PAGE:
A Method for Identifying Mechanisms of Neurologic Injury from Cardiac Surgery
Background: A method for linking discrete surgical and perfusion-related processes of care with cerebral emboli, cerebral oxyhemoglobin desaturation, and hemodynamic changes may offer opportunities for reducing overall neurologic injury for patients undergoing cardiac surgery.
Methods: An intensive intraoperative neurologic and physiologic monitoring approach was developed and implemented. Mechanisms likely to produce embolic (cerebral emboli), hypoperfusion (oxyhemoglobin desaturation), and hypotensive (hemodynamic changes) neurologic injuries were monitored and synchronized with the occurrence of surgical and perfusion clinical events/techniques using a case video.
Results: The system was tested among 32 cardiac surgery patients. Emboli were measured in the cerebral arteries and outflow of the cardiopulmonary bypass circuit among nearly 75% and 85% of patients, respectively. Oxyhemoglobin desaturation was measured among nearly 70% of patients. Hemodynamic information was recorded in 100% of patients.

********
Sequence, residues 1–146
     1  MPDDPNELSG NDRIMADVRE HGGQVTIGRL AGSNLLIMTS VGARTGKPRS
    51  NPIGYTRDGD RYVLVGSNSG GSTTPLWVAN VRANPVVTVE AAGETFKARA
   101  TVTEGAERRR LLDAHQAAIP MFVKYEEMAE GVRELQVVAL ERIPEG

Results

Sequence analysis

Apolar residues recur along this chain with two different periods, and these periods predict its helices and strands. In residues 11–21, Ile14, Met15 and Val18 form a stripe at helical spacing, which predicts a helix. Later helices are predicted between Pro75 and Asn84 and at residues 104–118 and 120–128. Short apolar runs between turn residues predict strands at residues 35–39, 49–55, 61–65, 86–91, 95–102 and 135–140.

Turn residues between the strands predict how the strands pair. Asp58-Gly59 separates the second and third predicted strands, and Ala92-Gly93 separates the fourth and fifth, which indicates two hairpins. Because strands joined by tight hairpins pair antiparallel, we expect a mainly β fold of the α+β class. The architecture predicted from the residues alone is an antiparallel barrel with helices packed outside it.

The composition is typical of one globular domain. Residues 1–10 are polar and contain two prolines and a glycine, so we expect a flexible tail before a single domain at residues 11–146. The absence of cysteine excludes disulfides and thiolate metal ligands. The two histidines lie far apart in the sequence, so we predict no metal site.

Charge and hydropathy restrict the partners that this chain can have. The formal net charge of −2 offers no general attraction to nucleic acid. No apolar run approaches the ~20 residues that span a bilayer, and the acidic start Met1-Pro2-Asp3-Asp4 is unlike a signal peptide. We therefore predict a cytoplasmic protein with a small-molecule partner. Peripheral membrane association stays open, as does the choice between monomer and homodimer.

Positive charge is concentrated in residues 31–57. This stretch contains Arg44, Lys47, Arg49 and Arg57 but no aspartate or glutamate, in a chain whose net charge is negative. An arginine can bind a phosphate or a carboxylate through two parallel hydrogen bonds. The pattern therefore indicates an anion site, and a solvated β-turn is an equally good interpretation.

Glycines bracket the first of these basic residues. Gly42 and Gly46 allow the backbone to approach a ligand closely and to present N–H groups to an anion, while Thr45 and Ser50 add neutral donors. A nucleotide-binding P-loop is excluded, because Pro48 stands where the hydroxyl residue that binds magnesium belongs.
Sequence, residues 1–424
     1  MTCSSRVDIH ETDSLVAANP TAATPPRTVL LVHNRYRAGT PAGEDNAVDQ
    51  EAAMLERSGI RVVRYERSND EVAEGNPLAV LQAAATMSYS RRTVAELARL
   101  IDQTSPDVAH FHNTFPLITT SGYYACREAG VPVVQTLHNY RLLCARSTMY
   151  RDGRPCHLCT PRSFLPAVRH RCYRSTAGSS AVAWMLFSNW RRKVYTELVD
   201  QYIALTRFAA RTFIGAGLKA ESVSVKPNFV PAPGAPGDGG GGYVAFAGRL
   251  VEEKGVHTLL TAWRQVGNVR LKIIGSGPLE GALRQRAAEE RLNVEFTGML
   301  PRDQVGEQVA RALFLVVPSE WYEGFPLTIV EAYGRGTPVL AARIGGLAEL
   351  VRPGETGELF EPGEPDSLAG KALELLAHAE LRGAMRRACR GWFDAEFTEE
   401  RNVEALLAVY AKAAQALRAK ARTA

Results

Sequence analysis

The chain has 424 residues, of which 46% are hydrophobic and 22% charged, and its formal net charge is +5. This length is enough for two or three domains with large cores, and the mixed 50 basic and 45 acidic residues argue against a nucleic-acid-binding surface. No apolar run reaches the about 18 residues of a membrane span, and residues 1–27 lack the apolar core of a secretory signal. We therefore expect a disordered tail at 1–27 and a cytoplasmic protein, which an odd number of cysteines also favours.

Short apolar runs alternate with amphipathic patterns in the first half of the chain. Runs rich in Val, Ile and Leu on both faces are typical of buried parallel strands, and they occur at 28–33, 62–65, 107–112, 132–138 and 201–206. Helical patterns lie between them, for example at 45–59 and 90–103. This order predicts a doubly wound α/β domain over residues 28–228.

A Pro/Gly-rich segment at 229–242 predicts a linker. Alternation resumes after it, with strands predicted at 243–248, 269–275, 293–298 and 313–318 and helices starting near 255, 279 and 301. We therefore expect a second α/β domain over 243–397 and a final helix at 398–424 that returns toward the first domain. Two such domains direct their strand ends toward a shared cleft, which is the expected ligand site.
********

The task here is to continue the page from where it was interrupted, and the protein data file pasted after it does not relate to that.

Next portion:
Conclusions: We developed and successfully implemented a method for detailed real-time associations between processes of clinical care and precursors of neurologic injury. Knowledge of this linkage will result in the redesign of clinical care to reduce a patient's risk of neurologic injury.
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